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If New Zealand fails nothing will be 100% GM-free

If New Zealand fails to follow their lead nothing will be "100% GM-free"

The decision by the Tasmanian government to ban commercial releases of GE crops for another 5 years will leave New Zealand lagging behind key competitors in efforts to protect GM-free primary production.

In Europe the decision by Swiss farmers to back a similar ban on GM crops should be a wake-up call to the New Zealand government that they are wrong to be dropping the moratorium on commercial GE release in October.

" It is vital the government protect our opportunities by following a similar path of caution," says Jon Carapiet , from GE-Free NZ in food and environment.

"Commercial GE releases will destroy New Zealand's standing if the only way to make "coexistence" work is to allow universal low-level GE contamination in conventional and organic foods ," says Mr Carapiet.

This week a visiting US scientist said that allowing a small percentage of GE in normal food was the price to be paid for the release of GE crops.

"The Royal Commmission asked the government to protect people's right to buy GM-Free food. The proposed contamination will deny that right," says Mr Carapiet.

"Under that vision of coexistence there will be no GE-Free food, there will be no "GM-free" labelling, and there will be no choice."

It is vital that industry and MAF have a management system that is able to ensure total separation of GM products from conventional ones, or agree to not release GM crops.

"First the public were told that nothing is 100% safe. Now the message is that nothing will be 100% GM-Free," says Mr Carapiet.

Industry refuse to accept full liability for their products but want to push them into the market anyway by allowing a degree of contamination in 100% of the food supply.


Contact Jon Carapiet 09 815 3370


February 27, 2003
Anna Randell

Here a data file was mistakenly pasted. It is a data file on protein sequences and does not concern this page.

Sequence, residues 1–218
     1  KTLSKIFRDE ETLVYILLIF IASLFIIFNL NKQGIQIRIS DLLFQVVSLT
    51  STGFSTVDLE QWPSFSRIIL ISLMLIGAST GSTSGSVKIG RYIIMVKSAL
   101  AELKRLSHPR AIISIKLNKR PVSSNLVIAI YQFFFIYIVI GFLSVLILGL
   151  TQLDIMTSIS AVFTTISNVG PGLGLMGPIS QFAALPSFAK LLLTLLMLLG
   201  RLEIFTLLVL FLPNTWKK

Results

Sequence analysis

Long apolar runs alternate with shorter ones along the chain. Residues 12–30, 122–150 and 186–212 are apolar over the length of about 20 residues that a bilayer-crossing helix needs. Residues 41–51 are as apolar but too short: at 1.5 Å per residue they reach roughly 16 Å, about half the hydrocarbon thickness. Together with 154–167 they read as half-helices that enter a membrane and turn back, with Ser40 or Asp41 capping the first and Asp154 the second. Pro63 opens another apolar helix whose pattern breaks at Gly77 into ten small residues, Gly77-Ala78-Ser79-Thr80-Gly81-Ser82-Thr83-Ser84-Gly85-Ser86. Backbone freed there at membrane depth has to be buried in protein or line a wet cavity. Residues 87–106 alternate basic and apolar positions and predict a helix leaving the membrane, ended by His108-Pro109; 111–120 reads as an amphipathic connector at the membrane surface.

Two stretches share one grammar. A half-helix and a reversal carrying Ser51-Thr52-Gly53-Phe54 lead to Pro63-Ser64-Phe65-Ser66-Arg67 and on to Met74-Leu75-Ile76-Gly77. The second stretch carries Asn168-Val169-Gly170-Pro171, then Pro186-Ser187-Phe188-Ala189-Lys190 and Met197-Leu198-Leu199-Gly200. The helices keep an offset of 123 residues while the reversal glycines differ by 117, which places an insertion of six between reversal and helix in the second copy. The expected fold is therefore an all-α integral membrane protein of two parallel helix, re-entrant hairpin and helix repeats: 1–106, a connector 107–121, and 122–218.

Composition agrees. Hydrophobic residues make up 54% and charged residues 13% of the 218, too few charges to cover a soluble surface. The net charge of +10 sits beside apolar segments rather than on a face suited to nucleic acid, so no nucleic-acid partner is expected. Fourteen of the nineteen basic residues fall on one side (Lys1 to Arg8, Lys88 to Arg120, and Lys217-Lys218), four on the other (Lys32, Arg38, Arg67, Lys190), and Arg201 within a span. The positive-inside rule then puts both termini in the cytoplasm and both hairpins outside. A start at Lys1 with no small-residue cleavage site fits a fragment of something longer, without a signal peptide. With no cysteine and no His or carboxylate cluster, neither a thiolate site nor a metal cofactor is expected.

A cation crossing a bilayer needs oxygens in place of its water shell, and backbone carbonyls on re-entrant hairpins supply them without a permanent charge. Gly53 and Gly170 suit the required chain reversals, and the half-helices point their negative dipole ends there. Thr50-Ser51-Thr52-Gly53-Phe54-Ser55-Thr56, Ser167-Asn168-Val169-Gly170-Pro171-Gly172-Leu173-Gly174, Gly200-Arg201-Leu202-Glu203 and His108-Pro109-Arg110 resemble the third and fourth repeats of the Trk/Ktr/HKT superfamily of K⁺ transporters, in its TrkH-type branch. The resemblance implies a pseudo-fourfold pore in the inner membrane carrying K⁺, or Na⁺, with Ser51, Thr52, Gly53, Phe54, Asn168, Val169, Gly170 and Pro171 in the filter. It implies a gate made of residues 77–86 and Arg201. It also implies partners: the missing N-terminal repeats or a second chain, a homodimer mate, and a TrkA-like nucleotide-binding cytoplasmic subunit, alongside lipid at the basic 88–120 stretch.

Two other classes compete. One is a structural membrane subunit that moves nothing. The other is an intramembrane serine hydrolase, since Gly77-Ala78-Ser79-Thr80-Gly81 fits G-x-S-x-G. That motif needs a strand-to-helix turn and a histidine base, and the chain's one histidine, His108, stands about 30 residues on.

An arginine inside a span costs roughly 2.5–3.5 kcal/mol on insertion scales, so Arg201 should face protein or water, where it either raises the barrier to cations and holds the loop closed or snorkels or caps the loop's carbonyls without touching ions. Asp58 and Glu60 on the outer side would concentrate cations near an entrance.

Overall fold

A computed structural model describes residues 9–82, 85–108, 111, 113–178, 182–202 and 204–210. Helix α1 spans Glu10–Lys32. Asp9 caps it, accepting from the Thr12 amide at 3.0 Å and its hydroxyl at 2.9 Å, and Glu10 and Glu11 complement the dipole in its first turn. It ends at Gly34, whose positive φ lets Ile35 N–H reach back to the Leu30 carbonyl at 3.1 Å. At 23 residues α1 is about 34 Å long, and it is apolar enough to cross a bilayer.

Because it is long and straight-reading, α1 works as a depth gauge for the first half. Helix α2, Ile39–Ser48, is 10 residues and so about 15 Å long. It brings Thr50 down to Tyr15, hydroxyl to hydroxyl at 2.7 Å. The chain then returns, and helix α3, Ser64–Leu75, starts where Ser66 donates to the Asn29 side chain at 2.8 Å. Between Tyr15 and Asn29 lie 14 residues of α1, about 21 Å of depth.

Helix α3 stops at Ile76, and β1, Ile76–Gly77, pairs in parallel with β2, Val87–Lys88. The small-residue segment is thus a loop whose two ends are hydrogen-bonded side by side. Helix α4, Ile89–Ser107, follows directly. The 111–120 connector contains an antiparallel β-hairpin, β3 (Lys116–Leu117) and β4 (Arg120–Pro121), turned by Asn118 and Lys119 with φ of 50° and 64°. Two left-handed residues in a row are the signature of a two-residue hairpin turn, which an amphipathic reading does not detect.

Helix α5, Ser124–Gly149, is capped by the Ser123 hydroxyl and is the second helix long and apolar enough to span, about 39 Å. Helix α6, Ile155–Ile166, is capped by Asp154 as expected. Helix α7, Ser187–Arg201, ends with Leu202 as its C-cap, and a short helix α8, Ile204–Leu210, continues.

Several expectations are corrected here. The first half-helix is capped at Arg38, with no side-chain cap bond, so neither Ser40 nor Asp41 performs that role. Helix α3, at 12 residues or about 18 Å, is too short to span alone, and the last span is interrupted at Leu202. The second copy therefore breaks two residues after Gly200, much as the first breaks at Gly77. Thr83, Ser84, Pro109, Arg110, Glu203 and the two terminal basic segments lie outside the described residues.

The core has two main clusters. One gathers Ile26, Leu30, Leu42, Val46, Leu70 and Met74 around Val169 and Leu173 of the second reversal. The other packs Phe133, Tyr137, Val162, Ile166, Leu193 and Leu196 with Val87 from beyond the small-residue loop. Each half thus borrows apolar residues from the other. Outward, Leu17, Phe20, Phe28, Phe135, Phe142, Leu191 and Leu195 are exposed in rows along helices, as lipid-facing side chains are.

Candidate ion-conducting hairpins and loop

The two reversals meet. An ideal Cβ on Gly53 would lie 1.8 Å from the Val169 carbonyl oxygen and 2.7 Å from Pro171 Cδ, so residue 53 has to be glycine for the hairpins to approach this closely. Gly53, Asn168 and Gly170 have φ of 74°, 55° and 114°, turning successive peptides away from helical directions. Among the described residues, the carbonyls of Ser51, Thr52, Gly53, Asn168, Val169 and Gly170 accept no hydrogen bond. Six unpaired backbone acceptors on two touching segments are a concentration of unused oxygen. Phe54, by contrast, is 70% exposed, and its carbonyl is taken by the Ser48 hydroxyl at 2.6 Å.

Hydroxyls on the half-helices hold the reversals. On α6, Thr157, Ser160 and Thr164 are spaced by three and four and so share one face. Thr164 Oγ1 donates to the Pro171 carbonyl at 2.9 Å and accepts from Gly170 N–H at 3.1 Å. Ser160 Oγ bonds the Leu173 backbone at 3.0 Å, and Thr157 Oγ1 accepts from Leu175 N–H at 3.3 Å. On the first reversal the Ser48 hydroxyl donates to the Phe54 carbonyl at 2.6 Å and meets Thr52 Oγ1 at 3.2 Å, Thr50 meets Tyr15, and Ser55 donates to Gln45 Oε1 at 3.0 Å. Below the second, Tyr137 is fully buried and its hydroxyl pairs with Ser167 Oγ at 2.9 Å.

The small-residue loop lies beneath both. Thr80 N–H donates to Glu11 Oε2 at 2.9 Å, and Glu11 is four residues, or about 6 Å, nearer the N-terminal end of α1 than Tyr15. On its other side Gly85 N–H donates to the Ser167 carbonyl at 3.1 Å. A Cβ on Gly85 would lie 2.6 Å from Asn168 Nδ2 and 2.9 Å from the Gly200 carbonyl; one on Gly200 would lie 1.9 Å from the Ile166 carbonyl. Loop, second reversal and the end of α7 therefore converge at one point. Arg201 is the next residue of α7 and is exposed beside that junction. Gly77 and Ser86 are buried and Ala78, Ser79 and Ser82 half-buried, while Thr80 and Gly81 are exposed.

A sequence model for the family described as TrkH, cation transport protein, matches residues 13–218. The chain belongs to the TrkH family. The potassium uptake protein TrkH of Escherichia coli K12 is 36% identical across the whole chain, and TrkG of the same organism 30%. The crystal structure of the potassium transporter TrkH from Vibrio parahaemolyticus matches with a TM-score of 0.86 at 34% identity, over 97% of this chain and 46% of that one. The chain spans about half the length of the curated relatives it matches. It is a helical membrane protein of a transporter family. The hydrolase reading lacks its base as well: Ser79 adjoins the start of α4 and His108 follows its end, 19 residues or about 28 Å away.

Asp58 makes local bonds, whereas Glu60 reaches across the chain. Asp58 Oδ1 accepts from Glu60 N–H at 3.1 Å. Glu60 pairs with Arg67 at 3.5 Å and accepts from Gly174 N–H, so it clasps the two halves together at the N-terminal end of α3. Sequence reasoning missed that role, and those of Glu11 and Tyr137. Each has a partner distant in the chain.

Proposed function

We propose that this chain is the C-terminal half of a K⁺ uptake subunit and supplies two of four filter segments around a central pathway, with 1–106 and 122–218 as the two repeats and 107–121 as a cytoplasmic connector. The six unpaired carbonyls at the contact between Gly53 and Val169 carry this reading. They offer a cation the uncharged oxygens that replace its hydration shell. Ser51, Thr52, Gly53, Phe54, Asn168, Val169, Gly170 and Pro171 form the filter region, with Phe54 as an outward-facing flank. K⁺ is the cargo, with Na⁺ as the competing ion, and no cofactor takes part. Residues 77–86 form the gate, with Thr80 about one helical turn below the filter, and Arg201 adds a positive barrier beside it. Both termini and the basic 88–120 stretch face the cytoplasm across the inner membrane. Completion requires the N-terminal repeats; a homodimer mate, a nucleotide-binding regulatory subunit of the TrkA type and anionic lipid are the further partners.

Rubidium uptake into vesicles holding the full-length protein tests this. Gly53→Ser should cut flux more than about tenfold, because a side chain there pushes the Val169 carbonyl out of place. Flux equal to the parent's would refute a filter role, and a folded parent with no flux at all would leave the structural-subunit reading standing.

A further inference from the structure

A two-year ban on genetically modified crops in Tasmania has, according to the State Government, been extended for five years, in a move welcomed by the Tasmanian Greens but that has drawn criticism from some agricultural sectors. The story says that under the policy, field trials of non-food genetically modified crops including poppies will be allowed to continue. Primary Industries, Water and Environment Minister Bryan Green was cited as saying the five-year extension of the moratorium followed a review of the Government's 2001 Gene Technology Policy, adding, "The Government has adopted a cautious and balanced approach to gene technology in the primary industry sector. Tasmania's reputation for its clean and wholesome foods is much deserved but has been hard-won and nothing should be allowed to threaten it." Opposition primary industries spokesma! n Jeremy Rockliff was quoted as saying the decision was "overly cautious" adding that, "A three-year time frame would certainly have been more appropriate to allow greater flexibility for future opportunities." Serv-Ag managing director and Tasmanian Agricultural Productivity Group chairman Mike Gow was cited as saying he was disappointed by the decision, adding, "This effectively shuts the door on any opportunities in terms of research or extensive crop production that might have occurred." Mr Gow said he would like to see the State Government capitalise on its policy by better marketing Tasmania as GE-free.

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